National Institute on Aging: The Neighborhood Atlas—Free Social Determinants of Health Data for All!

National Institute on Aging: The Neighborhood Atlas—Free Social Determinants of Health Data for All!. “Developed by Amy Kind, M.D., Ph.D., and her team at the University of Wisconsin School of Medicine and Public Health, the Neighborhood Atlas2 is a user-friendly, online tool that enables customized ranking and mapping of neighborhoods according to socioeconomic disadvantage across the full U.S., including Puerto Rico. Anyone can use the Neighborhood Atlas, not just researchers: If you can use a smartphone mapping app, you can use the Atlas — no fancy degree required!”

EurekAlert: King’s College AI-Longevity Hub launched via support of Biogerontology Research Foundation

EurekAlert: King’s College AI-Longevity Hub launched via support of Biogerontology Research Foundation. “The UK’s first AI for Longevity hub — the Longevity AI Consortium — is launched at King’s College London with the strategic and financial support of the Biogerontology Research Foundation and Deep Knowledge Ventures.”

UC Davis Health: $4 million grant to UC Davis and Drexel tests online tool for caregivers of individuals with dementia

UC Davis Health: $4 million grant to UC Davis and Drexel tests online tool for caregivers of individuals with dementia. “Agitation and aggression are just a few of the behavioral and psychological symptoms that people with Alzheimer’s disease and related disorders – and their caregivers — can have difficulty understanding and managing. But an easy-to-use online platform, called WeCareAdvisor, aims to bridge the information gap for caregivers, who are typically family members. The tool educates caregivers about dementia and provides daily tips for managing stress. It also offers a systematic approach for describing, investigating, creating and evaluating strategies, known as the DICE approach.”

Mosaic Science: How can doctors find better ways to talk – and listen – to patients close to death?

Mosaic Science: How can doctors find better ways to talk – and listen – to patients close to death?. “Two brothers are combining palliative care expertise, linguistics and AI to encourage more effective conversations between doctors and people receiving end-of-life care.” This story just grabbed me and swallowed me whole. I hope there are enough Kleenex in the house.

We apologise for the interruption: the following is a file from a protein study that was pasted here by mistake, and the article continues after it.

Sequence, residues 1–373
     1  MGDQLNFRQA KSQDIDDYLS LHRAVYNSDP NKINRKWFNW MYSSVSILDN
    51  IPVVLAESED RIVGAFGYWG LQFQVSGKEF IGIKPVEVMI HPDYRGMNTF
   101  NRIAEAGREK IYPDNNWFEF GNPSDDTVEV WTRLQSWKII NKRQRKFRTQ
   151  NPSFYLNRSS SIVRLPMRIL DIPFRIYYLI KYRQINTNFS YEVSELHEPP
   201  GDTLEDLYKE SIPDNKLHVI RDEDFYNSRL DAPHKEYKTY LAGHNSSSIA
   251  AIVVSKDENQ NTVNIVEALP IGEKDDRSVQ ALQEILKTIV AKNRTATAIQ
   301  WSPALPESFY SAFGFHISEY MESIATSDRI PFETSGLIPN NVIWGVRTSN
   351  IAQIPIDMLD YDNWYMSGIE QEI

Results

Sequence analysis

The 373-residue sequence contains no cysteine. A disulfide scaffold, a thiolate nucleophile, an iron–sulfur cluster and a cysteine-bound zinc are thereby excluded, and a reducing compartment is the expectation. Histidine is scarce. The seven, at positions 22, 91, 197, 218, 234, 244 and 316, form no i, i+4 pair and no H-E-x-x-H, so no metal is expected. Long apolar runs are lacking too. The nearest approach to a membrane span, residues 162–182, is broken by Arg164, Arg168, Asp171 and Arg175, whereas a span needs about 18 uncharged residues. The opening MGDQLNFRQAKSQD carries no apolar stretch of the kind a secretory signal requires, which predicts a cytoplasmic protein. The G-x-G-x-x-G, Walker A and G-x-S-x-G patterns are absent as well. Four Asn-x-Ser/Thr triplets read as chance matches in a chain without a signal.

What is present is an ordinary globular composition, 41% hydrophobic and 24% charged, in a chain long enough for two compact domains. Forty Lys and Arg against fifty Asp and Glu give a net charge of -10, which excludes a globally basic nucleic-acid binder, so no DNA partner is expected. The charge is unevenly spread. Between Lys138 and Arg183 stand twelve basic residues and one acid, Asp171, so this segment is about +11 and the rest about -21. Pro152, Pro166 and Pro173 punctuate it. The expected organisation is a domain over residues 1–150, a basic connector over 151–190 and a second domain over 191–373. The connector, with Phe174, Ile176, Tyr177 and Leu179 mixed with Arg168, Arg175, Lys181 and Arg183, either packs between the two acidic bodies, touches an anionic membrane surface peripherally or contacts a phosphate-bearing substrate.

The Next Web: Meet the YouTube Mortician teaching people not to fear death

The Next Web: Meet the YouTube Mortician teaching people not to fear death. “Death is something we as a society don’t care to think or talk about — unless, like me, you stay up at night pondering about the inevitability of the inevitable. It’s not a case of ‘if’ you die, it’s ‘when’ you’ll die, and that’s a hard pill to swallow. But Caitlin Doughty, a LA-based Mortician and YouTube host of the channel, Ask A Mortician, answers all of our inquisitive and creepy questions about death — from what happens to breast implants in a crematory machine to what happens to a fetus if a woman dies when pregnant — everything that my young death-starved self needs and wants to know.”

Wired: Now Even Funerals Are Livestreamed—and Families Are Grateful

Wired: Now Even Funerals Are Livestreamed—and Families Are Grateful . “In a culture obsessed with tweeting and Instagramming every moment of life, it’s little surprise that streaming extends to death. Funeral livestreaming services have been around for more than a decade, but the practice has recently exploded in popularity, says Bryant Hightower, president-elect of the National Funeral Directors Association.”

CNET: How families are giving a fantastic trip to loved ones in hospice

CNET: How families are giving a fantastic trip to loved ones in hospice. “VR may get a bad rap as a once-hot tech trend that failed to live up to expectations, but companies haven’t given up on it. Facebook last month released the $400 Oculus Quest, which CNET editor Scott Stein called the best thing he’s tried this year. And virtual reality has made headway outside of the consumer world. For example, using VR for hospice care — as a way to bring a larger world to people who’ve found themselves limited to a room, or just a bed — is beginning to catch on with care providers. “